Lawyers with a gaming law practice typically represent clients before regulatory bodies that monitor compliance with a broad range of requirements imposed by statute and through regulations. But gaming attorneys necessarily have to develop expertise in other areas of law. One of the notable characteristics of a gaming law practice is its intersection with other areas of business law: tax law, bankruptcy, corporate finance, and intellectual property, to name just a few. A gaming attorney must have considerable familiarity with these and other areas of business law, including business torts.
Correspondingly, many business lawyers who do not represent clients in the gaming industry may come up against issues that in some way or another implicate gaming law. Client transactions that, even indirectly, affect gaming interests may be impacted by the heavily regulated nature of gaming. A business lawyer who says, “I don’t handle gaming law issues,” may be surprised when issues arise that require a knowledge of some aspects of gaming law. For example, a client who conducts business with a gaming property can in some instances be called forward before a regulatory body for a determination of suitability. In such a setting, an awareness of fundamental concepts of gaming law may be an important base of knowledge for the business lawyer.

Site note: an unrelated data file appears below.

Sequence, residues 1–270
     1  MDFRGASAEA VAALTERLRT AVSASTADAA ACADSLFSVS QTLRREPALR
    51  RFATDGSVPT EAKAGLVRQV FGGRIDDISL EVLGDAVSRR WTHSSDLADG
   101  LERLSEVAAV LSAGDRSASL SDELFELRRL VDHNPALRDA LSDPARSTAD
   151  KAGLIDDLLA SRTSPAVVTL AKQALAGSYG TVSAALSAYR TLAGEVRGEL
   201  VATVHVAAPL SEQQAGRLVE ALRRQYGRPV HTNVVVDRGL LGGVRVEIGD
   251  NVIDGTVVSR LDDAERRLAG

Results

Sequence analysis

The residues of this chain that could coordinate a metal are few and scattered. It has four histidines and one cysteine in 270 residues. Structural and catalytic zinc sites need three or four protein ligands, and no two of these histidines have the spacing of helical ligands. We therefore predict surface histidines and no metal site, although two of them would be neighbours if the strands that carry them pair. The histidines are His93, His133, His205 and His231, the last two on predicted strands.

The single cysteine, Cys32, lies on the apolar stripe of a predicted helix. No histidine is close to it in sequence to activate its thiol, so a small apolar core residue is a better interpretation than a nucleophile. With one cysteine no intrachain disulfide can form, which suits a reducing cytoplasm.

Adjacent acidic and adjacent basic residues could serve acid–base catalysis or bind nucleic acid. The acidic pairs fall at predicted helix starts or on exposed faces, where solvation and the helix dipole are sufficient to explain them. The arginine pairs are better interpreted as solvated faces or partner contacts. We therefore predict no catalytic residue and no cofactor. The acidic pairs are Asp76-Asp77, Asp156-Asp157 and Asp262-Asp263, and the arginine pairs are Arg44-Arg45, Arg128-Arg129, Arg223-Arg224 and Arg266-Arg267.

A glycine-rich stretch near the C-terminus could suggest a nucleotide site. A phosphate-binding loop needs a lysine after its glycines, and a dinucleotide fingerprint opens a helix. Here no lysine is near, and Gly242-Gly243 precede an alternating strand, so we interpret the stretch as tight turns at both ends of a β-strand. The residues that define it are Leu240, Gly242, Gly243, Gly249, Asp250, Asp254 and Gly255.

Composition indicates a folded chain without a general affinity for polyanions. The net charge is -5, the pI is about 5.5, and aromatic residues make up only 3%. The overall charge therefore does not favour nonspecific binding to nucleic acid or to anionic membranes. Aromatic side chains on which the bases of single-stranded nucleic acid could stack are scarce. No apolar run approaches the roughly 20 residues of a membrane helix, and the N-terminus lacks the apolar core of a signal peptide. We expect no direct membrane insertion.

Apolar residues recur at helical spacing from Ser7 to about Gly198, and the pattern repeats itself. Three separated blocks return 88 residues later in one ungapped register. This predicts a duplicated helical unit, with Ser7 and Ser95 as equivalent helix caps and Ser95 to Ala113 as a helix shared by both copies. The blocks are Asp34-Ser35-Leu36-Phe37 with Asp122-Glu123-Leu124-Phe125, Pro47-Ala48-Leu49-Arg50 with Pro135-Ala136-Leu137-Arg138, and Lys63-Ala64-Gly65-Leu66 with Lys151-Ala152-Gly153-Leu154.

With these considerations in mind, the Gaming Law Committee has undertaken a book project titled, “What Every Business Lawyer Needs to Know About Gaming Law.” The book, due to be published in the fall of 2019, will set out the basic structure of the gaming industry and the elaborate framework of regulation and licensing that is characteristic of the industry. It will also cover topics such as: dealings with Indian tribes, issues of corporate financing and restructuring, anti-money laundering requirements, social gaming, enforceability of gaming debts, internet gaming, and problem gambling. The book will also offer background on gaming issues that have a high public profile such as sports betting and lotteries. We expect our primary audience to be business lawyers who don’t specialize in gaming but who represent clients with business interests that may occasionally involve gaming law.